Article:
the sea darkens––
— Matsuo Basho
Look at the synaesthesia here. Can a duck’s call be white? This makes us sit up, and take notice. It makes the poem memorable. The last image links to line 1, which talks about the ‘darkening sea’, so all that I get, as a reader, is a white bird, perhaps a migrating bird flying and getting smaller and smaller. The shape disappears, leaving only the colour, and its honk, thus it becomes, for me, ‘white’…
The truth of the moment seen in an extraordinary way! Each word has an important and crucial place in the poem, since in haiku, there is no room for redundancy.
Haiku employs what is known as the cut — the kire in Japanese language. This is a subtle way in which the juxtaposition of two images acts in a fashion similar to a spark plug in a two wheeler – they help to connect… and this spark of understanding or recognition is what haiku is all about! To this, I add the core ingredient of haiku: the art of suggestion. The famous Bharatanatyam dancer Rukmini Devi Arundale said that Abhinaya, or the rendering of the various emotions through body and facial expression in dance, needs to be mere suggestion, anything more becomes drama. A tall order!
We all know that in the silences between notes, between words, between lines, the emotions that arise are rasa — the aesthetic essence — which gives poetry, music or dance, a much greater sense of depth and resonance. Rasa is something that cannot be described by words because it has taken us to a sublime plane where sounds have dropped off.
The most important aspect of rasa, the emotional quotient, is that it lingers on, long after the stimulus has been removed. We often ruminate for days over a haiku or a song we have read or heard, savouring the joy of its memory.
What Rasa does to Indian aesthetics is exactly what the Japanese concept of MA does to Renku – a collaborative linked verse tradition. It is found in haiku between the verses and the juxtaposition of two images. MA is the name given to the intentional pauses scattered over our language utterances. It is MA that allows for words and meanings to stand out. In music, it permits the resonance of notes. An echo of the Buddhist notion of Shunyata (emptiness), MA is essential to Japanese aesthetics, referring to the ‘empty net’ on which things can be, stand out and mean. I believe that efforts should be made to discuss Rasa and MA together, and to see how the Japanese notion connects with the famous concept of Indian aesthetics.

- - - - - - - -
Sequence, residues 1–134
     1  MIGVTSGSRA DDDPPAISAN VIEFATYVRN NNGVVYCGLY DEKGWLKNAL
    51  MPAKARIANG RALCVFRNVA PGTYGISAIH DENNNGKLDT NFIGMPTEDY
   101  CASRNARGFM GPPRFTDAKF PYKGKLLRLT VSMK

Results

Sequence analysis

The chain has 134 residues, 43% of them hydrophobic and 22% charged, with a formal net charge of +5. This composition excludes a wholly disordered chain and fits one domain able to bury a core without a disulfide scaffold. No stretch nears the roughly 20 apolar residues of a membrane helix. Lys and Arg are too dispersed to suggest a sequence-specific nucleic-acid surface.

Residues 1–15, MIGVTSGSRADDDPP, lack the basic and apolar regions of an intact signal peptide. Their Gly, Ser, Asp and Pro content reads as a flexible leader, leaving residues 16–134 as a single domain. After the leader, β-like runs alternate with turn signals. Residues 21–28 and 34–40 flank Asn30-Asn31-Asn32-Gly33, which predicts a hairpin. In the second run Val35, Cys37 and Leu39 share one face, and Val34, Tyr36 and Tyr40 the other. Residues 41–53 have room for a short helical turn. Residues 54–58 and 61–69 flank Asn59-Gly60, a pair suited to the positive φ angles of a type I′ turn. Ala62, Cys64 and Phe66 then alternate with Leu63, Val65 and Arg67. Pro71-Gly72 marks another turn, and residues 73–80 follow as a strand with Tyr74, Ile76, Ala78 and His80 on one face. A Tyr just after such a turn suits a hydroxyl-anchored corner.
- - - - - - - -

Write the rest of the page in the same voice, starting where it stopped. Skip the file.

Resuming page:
The silences and pauses in haiku and in raga music, and what this does in the rasika’s mind, fascinate me.
Some examples of my haiku:
liquid sky . . .
– Kala Ramesh, Notes from the Gean #4, 2010
“Some haiku come to me slowly. It takes awhile for them to grow and develop with meaning for me. Others are like this. Instantly I loved it. To begin with, “liquid sky” seemed a fresh and exciting way to name a rainy day. Okay. Then comes the image of “a steel bucket hits” and the monkey mind is saying, “Shouldn’t it be the rain that hits the bucket and not the bucket hitting back?” A riddle is formed and in the third line, as is proper, the answer that solves the puzzle is given – “well water”.
Ah, the liquid sky is not a rainy cloud in the sky but the sky deep in a well. Yes, that is sky too when the water reflects what is above it. Now, it makes sense for the steel bucket to hit the sky, when it drops in the well.
The penny drops and I have solved the riddle of this haiku. As a reader, I feel smarter, refreshed, renewed with this word coinage: ‘liquid sky’.”I conclude the reflection on this observation: beauty is inherent in all art forms, and in poetry, when we lift it above words, it becomes almost spiritual. My firm belief is that this blend of beauty with spirituality is what makes haiku sublime and memorable.
Unless otherwise mentioned,
I am a physicist and poet, poet and physicist. In both physics and poetry, and between them, I have explored beauty. This navigation between the two was both a quest and a discovery, and helped me reach a new understanding of the nature of beauty, as well as find ways of creating it.